Are you able to determine why the new Hobsonville motorway extensions feature orange barrier walls? An example of this has been built on the western side of the Upper Harbour bridge. This contrasts with the very tasteful wall with murals on natural timber on the eastern side. Is there any special reason for the orange colour? Tim Johnston, Greenhithe.
And from Vicki Frewin: Regarding the development of SH18, what is up with the hideous orange noise walls that surround it? I note on the NZTA website: "The walls are made of wood which will be painted a burnt orange colour." There is no reason listed as to why; the colour is more primer orange and it is a real eyesore in the otherwise reasonably pleasant landscape. Other areas of Auckland with recent motorway developments have been graced with concrete walls with sculpted decorative works and are nicely planted. We out West get stuck with orange plywood and in some places, no planting in front of these walls. It is particularly awful as you drive up towards the bridge near Monterey Park. Where once you gazed upon Herald Island and the yachts moored in the bay, you now don't get a view of the surrounds but feel enclosed by a half-finished, cheap looking temporary fence.
Rob Garrett, Auckland Council's manager of public art, says this is a work in progress involving his team, the NZ Transport Agency and the HEB/Jasmax design team. As well as the bold orange colour, several sections will have artwork by Jeff Thomson applied. The colour was approved by the former Waitakere City Council which also initiated the public art component of the project.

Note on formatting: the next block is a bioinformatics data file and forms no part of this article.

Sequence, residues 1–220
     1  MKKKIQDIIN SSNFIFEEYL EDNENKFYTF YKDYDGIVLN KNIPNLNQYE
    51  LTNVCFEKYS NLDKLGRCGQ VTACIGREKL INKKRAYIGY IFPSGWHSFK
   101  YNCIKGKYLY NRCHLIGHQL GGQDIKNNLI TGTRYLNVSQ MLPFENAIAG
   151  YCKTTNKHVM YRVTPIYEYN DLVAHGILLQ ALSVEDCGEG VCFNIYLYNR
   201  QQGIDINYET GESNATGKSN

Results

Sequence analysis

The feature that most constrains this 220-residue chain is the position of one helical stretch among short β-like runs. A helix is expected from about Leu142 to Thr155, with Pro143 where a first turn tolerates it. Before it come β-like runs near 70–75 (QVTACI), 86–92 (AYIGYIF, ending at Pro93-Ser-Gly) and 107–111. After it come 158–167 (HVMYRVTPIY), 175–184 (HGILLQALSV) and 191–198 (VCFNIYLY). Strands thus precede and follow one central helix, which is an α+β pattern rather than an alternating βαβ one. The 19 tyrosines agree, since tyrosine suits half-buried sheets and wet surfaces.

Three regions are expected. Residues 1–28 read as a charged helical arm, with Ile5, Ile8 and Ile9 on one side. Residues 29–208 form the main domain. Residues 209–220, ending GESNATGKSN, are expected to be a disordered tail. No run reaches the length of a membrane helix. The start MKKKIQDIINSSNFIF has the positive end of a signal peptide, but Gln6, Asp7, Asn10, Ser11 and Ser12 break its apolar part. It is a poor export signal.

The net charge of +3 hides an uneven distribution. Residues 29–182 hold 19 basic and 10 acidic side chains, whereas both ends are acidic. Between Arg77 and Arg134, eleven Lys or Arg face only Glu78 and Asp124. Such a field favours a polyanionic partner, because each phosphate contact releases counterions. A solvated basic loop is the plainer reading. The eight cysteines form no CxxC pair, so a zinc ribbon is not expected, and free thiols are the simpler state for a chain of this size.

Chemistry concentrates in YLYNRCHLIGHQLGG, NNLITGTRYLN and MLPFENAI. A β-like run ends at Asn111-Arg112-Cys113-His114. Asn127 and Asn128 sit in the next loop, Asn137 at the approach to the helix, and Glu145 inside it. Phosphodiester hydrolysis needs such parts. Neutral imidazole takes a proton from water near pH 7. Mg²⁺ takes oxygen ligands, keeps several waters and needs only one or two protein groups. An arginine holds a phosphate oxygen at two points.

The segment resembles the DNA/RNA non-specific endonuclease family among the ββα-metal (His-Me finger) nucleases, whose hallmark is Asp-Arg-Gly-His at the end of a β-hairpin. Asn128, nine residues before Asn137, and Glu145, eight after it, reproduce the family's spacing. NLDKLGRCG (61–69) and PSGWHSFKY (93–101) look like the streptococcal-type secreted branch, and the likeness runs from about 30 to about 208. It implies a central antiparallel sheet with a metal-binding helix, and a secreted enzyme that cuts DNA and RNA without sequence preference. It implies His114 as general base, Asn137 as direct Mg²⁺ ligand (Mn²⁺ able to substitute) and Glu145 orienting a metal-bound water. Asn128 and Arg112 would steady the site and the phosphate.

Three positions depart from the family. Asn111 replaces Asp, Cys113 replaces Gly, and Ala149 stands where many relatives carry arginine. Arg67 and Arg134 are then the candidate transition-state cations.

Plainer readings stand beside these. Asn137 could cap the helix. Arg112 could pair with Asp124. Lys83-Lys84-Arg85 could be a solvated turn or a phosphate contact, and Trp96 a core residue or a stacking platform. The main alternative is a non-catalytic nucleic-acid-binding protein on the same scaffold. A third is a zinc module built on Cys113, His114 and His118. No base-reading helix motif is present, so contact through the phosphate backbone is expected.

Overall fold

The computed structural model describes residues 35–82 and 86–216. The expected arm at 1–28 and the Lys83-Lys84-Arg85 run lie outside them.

Mr Thomson's concepts for the artwork were approved by the former council, and are in the final design stage.
The artwork takes the orange colour of the noise walls, which is a reference to the history of working clay in the district, and overlays that with tyre trails and tread patterns that reflect the activities of people and machines in transforming the landscape, and the histories of rural and construction activities on the land. The tread patterns also call to mind the malleable and impressionable properties of clay, which forms the substrate of the landscape.
The orange colour is striking and bright and it has attracted both fans and detractors. Over time, as the new planting in front of the wall matures, it will soften the visual impact of the noise walls. However, the colour was selected because it creates a bold counterpoint to the surrounding landscape and the design team believes that in time it will be embraced as a dynamic and distinctive feature in the highway environment.
Beauty, as always, is in the eye of the beholder.
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